The flourishing illegal wildlife trade

Animals are caught from their natural habitat and sold for hefty sums

Qaiser Sherazi October 26, 2021


For a country that fares poorly on enacting of human rights laws it is far-fetched to assume that animals be treated better which is one of the reasons poaching and selling of wild animals goes unchecked.

Sources indicate that illegal sale of birds and animals nets a monthly income ranging between Rs 200,000 to 500,000. They further inform that animals are caught from the forests of Chakwal, Jhelum, Sargodha, Mianwali, Murree, Kotli Satyan, and Khushab. As far as rates are concerned, as per details available with the Express Tribune, a baby monkey costs Rs 30,000 to 40,000, a bear cub costs Rs 1.5 million to 2.5 million, and a tiger cub costs Rs. 500,000.

A bird seller, who owns a shop on the Alam Khan Road in Rawalpindi, identifying himself as Anar Gondal, stated that they caught quails in the forest by first setting a trap and then playing the sound of a quail from a tape recorder. Gondal, clearly impressed with his ingenuity, said, “this is my ancestral business and makes me a decent living.”

He stated that apart from quails, nets were set to catch parrots, hawks, and sparrows all of which fetched him handsome amounts of money. Gondal speaking in a hushed manner as if letting someone on a trade secret informed the Express Tribune that baby monkeys were caught by putting food in earthenware and caging them once they got busy eating.

Another seller who identified himself as Niaz, said that wild animals are booked by paying a hefty advance and then delivered to the provided address. “Special codes and luxury vehicles are used for transportation to avoid any unwarranted attention,” he informed matter-of-factly.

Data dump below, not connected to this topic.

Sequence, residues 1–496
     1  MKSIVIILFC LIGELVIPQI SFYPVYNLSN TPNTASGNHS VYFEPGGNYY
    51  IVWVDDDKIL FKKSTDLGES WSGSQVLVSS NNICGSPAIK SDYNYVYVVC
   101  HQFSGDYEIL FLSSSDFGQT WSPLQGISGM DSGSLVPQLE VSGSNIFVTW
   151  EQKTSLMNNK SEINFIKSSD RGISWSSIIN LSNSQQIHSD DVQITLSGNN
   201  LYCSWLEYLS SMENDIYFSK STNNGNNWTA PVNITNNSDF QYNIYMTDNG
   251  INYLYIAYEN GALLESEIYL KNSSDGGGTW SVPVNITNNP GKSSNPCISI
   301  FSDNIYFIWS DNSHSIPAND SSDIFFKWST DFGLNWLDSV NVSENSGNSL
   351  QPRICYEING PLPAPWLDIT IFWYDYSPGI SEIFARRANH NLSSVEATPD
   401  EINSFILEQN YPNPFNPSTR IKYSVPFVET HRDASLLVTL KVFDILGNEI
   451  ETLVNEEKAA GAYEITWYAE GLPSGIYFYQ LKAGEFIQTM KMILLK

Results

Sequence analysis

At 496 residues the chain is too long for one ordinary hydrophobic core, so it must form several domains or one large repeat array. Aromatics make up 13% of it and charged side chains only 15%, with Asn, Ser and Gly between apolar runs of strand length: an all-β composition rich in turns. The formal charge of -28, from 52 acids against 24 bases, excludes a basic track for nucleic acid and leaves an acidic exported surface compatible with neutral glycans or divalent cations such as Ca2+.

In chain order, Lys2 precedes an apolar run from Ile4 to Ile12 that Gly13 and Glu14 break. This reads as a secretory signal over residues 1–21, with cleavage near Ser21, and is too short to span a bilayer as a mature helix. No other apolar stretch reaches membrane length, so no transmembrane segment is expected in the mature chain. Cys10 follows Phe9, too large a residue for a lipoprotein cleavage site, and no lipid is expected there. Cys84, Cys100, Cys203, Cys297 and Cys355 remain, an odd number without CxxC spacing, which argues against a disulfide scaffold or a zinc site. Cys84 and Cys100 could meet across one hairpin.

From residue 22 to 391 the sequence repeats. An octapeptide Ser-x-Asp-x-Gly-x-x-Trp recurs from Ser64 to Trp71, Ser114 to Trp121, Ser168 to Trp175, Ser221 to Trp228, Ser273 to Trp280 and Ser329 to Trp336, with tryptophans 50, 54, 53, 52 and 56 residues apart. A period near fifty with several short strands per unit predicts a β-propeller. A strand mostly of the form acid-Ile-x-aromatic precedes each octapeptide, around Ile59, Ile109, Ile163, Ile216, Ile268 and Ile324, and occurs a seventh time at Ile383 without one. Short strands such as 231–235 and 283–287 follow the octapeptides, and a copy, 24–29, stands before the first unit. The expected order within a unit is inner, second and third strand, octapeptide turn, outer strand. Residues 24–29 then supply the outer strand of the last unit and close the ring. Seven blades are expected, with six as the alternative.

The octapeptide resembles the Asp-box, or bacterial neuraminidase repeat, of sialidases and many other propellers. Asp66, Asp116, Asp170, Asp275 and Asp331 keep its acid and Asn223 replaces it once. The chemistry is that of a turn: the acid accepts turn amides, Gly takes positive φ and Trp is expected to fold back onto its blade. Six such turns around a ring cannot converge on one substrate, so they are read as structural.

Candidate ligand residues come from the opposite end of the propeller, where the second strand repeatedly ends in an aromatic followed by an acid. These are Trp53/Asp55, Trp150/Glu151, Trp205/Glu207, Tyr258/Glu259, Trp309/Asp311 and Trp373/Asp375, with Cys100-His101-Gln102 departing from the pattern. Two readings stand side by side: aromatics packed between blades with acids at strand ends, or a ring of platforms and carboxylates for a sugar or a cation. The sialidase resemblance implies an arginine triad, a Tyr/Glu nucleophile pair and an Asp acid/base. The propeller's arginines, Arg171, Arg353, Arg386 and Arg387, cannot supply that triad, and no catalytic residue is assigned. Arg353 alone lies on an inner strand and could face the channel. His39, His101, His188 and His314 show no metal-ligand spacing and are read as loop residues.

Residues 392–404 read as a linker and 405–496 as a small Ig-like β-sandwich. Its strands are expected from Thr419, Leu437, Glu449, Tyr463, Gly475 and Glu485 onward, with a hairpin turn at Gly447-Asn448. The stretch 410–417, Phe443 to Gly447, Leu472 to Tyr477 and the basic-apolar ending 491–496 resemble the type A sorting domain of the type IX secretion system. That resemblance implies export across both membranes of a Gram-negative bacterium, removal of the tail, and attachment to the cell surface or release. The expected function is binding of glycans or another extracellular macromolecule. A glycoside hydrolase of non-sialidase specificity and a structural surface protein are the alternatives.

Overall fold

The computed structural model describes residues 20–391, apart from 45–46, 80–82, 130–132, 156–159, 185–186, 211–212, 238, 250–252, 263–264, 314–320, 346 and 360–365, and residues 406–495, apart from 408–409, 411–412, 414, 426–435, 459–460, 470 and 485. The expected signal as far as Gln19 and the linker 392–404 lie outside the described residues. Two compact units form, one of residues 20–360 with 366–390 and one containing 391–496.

Anila Umair, whose work revolves around wildlife conservation, stated that the police and wildlife department were of no help to her colleagues and her in their efforts to set free illegally caught animals. “We have now formally requested the Deputy Commissioner to direct the Wildlife Department and the police to cooperate with us for the protection and breeding of animals,” Umar informed.

According to Umar, what many did not realize was that Pakistan’s wildlife was under an immense threat and if activities like poaching and illegal selling continued at the pace they were presently at, all conservation efforts would be left in tatters. “The spineless Wildlife Department always delays in acting against individuals,” Umar accused.

A police spokesman, speaking on the condition of anonymity, told the Express Tribune that the police have no legal role in wildlife. “Catching birds or animals is the sole responsibility of the wildlife department and catching those who catch these creatures illegally is their responsibility too,” she said.

However, a spokesman from the Wildlife Department, speaking on the condition of anonymity, denied all accusations and said the department made regular arrests to deter people from poaching and illegal selling. He said that it was no fault of the department that they were not given a good budget, manpower, and facilities.

Lamenting about the problems they faced regularly he inquired that since hunters were armed while wildlife personnel were completely unarmed and on foot, what more could they possibly do.

“An underpaid official cannot check an area of 200 kilometers daily on his own. When the manpower and facilities are provided to us, then you can hold us accountable,” he told the Express Tribune.

Published in The Express Tribune, October 26th, 2021.


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